Opposition parties tried to target the government over its handling of the health emergency. Leader of opposition Ramesh Chennithala had also urged the government that instead of trying to contain the spread of coronavirus, the state should adopt the ‘mitigation’ strategy employed by western countries like the US and UK. The chief minister dismissed this suggestion, and now, as confirmed cases in the US and UK have risen exponentially, the opposition parties have maintained radio silence.
The Pinarayi government’s handling of the pandemic has been lauded by many, even those who are usually not supporters of the Left parties. “To be frank, the CM is doing an unbelievable job in leading from the front,” says a senior Congress leader. “Unlike many of our leaders, the ministers in the Communist government have a knack of dealing with adverse situations and calamities. Shailaja Teacher has gained huge popularity among the public after the outbreak of the Nipah virus. Our [Congess] leadership erred when they booed the health minister inside the assembly when she was talking about the actions taken by the government to curb the spread of the virus. That single act has put the opposition on the back foot,” the leader said.
Even though there is criticism about the way the government machinery has been functioning, the Pinarayi government has gained huge support among the Malayali community across the globe. The stature of Pinarayi Vijayan as ‘The Captain’ – as he is often called by his party men – has grown many fold. Shailaja has also received praise and is arguably the most popular health minister Kerala has ever seen. Her humanitarian interventions have earned her the name ‘Teacheramma’ (The Teacher Mom), as she was a science teacher before entering electoral politics.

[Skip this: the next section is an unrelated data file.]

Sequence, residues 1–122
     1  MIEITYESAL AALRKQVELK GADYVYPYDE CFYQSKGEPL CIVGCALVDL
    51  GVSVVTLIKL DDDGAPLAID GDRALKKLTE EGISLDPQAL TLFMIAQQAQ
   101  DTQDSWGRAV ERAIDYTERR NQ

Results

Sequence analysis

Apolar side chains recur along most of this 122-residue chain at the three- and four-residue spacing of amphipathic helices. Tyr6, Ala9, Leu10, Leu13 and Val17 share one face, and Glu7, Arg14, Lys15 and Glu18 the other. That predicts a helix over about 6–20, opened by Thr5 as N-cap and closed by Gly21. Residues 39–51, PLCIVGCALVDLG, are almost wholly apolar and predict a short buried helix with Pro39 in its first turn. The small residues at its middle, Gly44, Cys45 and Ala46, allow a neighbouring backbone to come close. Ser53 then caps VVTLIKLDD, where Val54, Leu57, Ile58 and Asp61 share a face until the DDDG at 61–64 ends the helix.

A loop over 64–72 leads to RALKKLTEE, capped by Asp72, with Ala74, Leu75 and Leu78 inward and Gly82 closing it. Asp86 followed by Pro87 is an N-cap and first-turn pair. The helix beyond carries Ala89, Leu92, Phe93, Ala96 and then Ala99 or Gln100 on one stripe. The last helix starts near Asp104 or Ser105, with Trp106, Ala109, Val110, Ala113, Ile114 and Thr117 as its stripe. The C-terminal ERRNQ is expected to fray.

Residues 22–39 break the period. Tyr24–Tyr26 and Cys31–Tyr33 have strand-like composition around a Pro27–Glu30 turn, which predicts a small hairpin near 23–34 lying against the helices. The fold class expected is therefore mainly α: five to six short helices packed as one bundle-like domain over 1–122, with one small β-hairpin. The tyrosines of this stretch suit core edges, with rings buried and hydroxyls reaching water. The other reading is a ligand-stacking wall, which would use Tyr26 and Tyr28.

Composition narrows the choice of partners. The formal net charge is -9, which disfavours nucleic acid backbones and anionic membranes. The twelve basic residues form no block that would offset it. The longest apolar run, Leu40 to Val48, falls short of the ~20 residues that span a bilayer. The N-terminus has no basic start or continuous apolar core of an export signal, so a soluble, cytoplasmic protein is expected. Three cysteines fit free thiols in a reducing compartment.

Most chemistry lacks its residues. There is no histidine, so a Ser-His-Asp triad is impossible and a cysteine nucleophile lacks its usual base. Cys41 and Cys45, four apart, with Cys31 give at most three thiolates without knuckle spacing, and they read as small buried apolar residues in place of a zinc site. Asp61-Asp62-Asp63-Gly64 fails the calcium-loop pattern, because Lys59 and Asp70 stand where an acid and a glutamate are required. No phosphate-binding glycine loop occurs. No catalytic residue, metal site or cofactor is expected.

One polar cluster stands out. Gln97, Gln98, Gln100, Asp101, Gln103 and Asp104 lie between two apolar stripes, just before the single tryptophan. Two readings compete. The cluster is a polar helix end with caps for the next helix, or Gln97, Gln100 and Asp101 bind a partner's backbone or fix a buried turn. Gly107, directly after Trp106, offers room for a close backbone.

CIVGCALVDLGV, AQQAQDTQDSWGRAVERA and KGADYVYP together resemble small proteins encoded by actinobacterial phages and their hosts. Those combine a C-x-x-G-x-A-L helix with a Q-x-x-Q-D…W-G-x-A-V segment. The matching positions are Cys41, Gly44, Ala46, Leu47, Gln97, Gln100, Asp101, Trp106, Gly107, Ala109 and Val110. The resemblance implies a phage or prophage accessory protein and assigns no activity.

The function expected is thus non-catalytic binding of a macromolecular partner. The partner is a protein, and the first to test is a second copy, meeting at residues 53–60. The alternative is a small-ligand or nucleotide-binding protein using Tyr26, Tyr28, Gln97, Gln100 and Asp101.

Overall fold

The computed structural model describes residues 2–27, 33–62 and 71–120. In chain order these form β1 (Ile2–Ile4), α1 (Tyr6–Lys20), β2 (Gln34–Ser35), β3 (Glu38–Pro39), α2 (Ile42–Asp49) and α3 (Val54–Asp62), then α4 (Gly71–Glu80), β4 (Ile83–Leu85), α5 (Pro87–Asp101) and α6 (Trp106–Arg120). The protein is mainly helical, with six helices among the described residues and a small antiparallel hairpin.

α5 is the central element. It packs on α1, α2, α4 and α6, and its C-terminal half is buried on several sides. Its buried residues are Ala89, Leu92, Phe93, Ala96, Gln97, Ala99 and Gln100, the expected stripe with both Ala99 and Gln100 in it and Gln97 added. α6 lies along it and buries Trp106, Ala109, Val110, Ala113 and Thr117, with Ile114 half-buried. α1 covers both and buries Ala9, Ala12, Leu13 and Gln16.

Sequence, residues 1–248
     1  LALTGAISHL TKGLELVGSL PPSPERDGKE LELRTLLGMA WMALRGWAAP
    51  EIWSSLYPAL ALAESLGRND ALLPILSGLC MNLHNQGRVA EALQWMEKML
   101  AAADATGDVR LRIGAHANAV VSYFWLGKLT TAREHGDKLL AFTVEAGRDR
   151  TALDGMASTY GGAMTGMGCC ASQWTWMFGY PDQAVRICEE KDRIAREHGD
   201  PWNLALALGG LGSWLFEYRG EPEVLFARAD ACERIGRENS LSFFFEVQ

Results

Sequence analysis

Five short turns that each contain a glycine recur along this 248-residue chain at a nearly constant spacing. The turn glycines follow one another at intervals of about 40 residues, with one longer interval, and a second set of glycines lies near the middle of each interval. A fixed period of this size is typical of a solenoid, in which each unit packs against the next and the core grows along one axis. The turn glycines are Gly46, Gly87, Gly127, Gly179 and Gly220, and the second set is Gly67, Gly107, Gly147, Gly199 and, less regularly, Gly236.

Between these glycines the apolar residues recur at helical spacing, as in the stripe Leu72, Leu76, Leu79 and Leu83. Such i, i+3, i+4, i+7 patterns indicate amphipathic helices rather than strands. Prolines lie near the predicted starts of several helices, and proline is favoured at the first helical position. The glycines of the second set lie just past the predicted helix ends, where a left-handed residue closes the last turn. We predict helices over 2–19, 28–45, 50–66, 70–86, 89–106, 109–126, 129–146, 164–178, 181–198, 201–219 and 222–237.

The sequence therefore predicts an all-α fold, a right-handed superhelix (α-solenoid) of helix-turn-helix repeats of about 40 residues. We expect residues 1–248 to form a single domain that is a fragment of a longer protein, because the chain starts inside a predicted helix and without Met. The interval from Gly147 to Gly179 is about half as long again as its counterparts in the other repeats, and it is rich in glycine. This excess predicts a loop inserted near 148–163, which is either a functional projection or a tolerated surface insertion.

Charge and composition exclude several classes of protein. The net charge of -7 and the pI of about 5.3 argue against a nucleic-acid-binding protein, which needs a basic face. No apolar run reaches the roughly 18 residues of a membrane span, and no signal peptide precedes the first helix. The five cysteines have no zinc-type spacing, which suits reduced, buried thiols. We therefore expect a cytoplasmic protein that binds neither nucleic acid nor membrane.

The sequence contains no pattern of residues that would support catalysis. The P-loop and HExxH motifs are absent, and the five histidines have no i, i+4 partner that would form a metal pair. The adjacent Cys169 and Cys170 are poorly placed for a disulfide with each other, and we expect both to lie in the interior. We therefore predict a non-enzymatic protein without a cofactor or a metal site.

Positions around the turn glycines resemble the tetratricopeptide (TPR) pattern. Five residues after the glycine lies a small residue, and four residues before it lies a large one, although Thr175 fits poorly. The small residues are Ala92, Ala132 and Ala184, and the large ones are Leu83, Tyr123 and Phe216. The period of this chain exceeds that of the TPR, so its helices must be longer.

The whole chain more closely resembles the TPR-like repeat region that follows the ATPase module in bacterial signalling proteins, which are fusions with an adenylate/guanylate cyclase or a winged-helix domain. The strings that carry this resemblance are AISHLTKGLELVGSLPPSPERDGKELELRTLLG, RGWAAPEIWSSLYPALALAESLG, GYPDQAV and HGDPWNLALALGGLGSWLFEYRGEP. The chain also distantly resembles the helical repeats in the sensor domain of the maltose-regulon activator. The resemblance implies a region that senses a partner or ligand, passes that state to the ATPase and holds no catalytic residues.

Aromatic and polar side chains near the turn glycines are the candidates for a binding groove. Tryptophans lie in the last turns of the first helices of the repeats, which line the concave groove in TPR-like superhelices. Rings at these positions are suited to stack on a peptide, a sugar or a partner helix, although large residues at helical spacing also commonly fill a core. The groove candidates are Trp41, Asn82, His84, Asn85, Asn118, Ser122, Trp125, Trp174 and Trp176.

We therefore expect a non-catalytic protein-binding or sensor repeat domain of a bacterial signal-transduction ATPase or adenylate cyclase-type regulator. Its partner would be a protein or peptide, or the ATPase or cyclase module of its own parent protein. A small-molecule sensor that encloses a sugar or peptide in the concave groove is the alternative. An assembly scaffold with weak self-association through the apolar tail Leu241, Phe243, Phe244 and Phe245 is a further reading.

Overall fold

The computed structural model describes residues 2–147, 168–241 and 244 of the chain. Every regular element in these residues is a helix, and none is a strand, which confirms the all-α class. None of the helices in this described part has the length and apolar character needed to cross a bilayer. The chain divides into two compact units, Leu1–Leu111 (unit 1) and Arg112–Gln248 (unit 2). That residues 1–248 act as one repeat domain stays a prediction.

Let us see what steps the Kerala government has taken to curb the spread of the virus.
What are the provisions of testing? Whether the state is willing to adopt the twin policy of lockdown and mass testing?
As of March 26, Kerala has sent 5,342 samples for testing, the most by any Indian state. Of these, 3,768 have returned negative and 137 have been confirmed to have the viral infection. Eleven patients have already recovered and have been discharged from hospitals. There are 126 COVID-19 patients still in hospitals, of which two have apparently now tested negative, but final confirmation is awaited.
The state already has seven authorised centres to test for the viral infection, both in public and private sector. Two more will be functional in a week’s time. According to the health department, Kerala has always been ready to test more people, and the government is waiting for more testing facilities to get clearance.